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  • 1. PREPARATION FOR A 10K INTRODUCTION: Having a goal at the start of any exercise programme can be a great motivator and in many cases can make the difference between sticking with it or giving up. For someone starting a jogging or running programme for the first time or just getting back into it after a long break it can be a difficult and daunting experience. How much should I do? How far should I run? What pace should I run at? What rest should I have between runs? These are all questions that are common, so if you have asked yourself any of them, don’t worry – you’re not alone! The good thing about starting out on a beginners programme is that the terms ‘walk’ and ‘rest’ are used quite a lot! Once you have decided on the run to take part in you should work backwards to however many weeks programme you are following. The sample programme lasts sixteen weeks and is aimed at getting you to the onto the start line in a fit and healthy state and with enough preparation behind you to get to the finish line! It assumes that you have no major health problems, if in doubt consult your GP before starting the programme. The programme is only a suggestion and should be adapted to suit your work and home life and the days of the week that it is most convenient for you to exercise. As with all exercise programmes you should always do some gentle movement warm-up exercises beforehand and some stretching exercises to warm-down afterwards. If you have read this then you have taken the first steps towards getting fit enough for the 10k! Happy running! TERMINOLOGY Walk: Brisk walking pace (faster than walking to the newsagents). Jog: Gentle running pace (able to chat easily throughout). Walk/Jog: Periods of walking followed by periods of jogging (vary the times and number of walks and jogs depending on total target time/distance). Run: Faster pace than jogging but still able to chat (not continuously though!). Rest: Either a day off exercise completely or other exercise such as swimming, aerobics or cycling. www.jogscotland.org.uk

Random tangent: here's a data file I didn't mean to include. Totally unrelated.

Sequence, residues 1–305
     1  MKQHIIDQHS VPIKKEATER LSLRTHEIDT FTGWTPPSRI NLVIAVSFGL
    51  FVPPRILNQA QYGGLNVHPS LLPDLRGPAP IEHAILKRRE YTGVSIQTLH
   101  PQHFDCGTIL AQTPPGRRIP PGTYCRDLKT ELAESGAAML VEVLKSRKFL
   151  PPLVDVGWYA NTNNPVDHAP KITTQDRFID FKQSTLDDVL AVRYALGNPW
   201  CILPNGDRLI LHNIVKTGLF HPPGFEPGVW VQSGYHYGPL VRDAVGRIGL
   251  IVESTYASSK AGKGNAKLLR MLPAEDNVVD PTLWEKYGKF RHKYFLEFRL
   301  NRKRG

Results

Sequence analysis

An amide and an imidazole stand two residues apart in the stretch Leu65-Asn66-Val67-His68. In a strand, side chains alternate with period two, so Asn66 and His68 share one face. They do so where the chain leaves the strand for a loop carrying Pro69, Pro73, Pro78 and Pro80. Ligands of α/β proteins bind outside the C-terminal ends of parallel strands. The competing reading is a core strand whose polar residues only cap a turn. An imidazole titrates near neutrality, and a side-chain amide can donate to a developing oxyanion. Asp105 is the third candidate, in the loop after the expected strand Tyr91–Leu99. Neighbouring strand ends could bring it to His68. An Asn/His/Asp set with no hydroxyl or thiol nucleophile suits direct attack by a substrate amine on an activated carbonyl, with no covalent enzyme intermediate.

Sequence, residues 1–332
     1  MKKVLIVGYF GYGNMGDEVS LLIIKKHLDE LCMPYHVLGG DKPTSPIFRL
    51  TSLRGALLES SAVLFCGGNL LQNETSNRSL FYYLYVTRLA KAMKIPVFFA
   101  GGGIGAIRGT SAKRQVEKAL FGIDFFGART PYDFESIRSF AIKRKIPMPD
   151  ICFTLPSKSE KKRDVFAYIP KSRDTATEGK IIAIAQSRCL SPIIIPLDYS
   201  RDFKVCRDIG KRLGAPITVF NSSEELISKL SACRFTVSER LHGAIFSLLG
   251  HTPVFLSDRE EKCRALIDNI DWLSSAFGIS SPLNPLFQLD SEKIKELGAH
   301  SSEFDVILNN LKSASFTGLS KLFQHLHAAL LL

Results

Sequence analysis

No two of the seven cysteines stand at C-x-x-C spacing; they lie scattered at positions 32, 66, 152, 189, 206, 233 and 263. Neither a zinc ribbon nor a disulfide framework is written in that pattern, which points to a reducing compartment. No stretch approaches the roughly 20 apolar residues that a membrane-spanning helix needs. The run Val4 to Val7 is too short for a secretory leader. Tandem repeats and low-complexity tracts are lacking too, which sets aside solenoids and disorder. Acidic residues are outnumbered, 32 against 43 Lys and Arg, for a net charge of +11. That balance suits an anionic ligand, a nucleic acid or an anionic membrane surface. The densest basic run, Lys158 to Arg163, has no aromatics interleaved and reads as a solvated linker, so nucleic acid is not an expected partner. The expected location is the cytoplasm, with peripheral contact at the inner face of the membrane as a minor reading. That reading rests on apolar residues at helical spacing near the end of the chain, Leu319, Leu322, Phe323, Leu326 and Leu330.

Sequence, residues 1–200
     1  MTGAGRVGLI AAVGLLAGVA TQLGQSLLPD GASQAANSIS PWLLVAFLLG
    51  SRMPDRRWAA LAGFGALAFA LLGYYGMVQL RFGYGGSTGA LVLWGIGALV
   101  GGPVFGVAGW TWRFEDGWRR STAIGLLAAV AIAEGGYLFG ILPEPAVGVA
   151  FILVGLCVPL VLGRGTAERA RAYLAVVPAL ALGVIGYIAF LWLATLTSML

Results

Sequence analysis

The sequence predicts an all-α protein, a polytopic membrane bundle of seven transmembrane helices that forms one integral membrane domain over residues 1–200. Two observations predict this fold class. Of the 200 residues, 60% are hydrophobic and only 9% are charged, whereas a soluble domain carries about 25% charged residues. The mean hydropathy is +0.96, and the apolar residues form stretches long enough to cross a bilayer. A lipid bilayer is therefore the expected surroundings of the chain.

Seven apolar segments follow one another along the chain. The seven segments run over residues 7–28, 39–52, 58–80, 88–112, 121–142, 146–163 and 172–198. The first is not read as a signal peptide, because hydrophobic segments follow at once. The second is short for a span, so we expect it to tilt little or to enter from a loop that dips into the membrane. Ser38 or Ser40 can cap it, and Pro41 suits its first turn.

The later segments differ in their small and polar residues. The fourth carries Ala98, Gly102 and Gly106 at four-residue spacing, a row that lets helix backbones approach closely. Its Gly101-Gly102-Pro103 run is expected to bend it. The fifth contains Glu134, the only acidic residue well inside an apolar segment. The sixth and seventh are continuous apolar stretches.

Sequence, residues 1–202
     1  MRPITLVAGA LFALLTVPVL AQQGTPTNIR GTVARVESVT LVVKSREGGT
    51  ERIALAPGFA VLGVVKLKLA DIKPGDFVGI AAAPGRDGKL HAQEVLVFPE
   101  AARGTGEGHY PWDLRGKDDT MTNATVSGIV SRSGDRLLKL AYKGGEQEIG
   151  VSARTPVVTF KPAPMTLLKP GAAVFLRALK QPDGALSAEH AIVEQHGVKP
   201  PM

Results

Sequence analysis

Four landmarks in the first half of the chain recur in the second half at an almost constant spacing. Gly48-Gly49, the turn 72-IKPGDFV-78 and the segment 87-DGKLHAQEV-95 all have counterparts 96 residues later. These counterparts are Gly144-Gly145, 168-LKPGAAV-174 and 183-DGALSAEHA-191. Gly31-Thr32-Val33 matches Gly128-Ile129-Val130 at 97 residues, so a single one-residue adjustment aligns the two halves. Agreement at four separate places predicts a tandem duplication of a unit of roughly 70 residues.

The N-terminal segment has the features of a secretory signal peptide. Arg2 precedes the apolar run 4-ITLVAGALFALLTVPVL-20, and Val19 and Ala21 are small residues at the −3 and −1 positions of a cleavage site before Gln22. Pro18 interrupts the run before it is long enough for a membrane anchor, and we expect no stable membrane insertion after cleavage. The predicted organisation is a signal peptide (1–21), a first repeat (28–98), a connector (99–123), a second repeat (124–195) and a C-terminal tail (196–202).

• 2. THE 4 ZONE PLAN To help you run more effectively and recover properly after exercising we have put together The 4 Zone Plan. There is no exact point where one zone stops and the next starts and you may find that you experience more than 1 or all of them during hard training or in a race! 1. The Blether Zone. As the name suggests this zone enables you to easily run along and have a good blether with your running buddies (if you run alone feel free to blether to yourself, but remember what is said about people who talk to themselves!). You don’t need any scientific measurements or principles to run in the Blether Zone, quite simply if you are able to run comfortably and blether then you are not going into oxygen deficit and your heart rate will be higher than at rest but not nearly as high as when you run faster. As a very rough guide each person has a maximum heart rate (MHR) of around 220 beats per minute minus their age (so a 40 year old would be 220 – 40 = 180). Aerobic running (i.e. running without going into oxygen deficit) is achieved at a level around 60% - 85% of your MHR, Blether Zone would be at the lower end of this range. This type of running is appropriate for warming up for a harder run or race, or for a recovery run the day after a hard run/race. To measure your heart rate after exercise it is best to take a pulse measurement from the Carotid artery on your neck, this should be easy to find as it pumps quite hard at higher levels. Measure your pulse for 10 or 15 seconds and multiply by 6 or 4 to get your heart rate per minute. Your pulse rate is the same as your heart rate. 2. The Puff Zone. This is a gradual step up from Blether Zone. You should still be able to chat to your running buddies but it may not be as easy to get your words out. Most of your regular weekly running should be In the Puff Zone as this will give you the best cardiovascular (heart and lungs) exercise benefit, which is important for maintaining or improving your long term health and also important in building a solid foundation for improving your running times or distances (if that is what your goals are). In Puff Zone you should be aiming for around 70 – 80% of your MHR. 3. The Pant Zone. If you start to feel and look like a Husky pulling a sled then you have probably entered The Pant Zone! At this level your heart rate is probably getting up to 80 - 90% of your MHR and you will have started to exercise anaerobically (this means that you have gone into oxygen deficit and are effectively running without oxygen and building up waste products, predominantly lactic acid). Once you have entered this zone it becomes increasingly difficult to sustain your running pace. This zone is usually only entered towards the end of a very hard training run or race, or during specific training sessions where you vary your pace between slow and fast for a period of time or a set distance. For beginners it is not really advisable to do much training in this zone, it is better to build up an endurance/aerobic base from Blether and Puff Zone training. This also has the advantage of minimising the risks of injury or illness from overdoing things before your body has become accustomed to increased intensity of exercise. Once you have been running for several months and perhaps taken part in your first organised race you can then think about introducing Pant Zone training to improve your times, you should also feel that you are running easier in the Blether and Puff Zones. 4. The Gasp Zone. The Gasp Zone is not a place that you want to be in too often! It would really only be entered at the very end of a full out training run or race, even then only over the last few hundred metres as you try to coax a final sprint out of your weary muscles! In Gasp Zone you will probably be exercising at 90 – 100% of MHR. The other time you would enter Gasp Zone would be during short interval training at high intensity, which is used to develop speed. For most recreational and health runners it is not advisable to do this type of training, unless of course you have secret ambitions of being the next Lee McConnell or Tom McKean! www.jogscotland.org.uk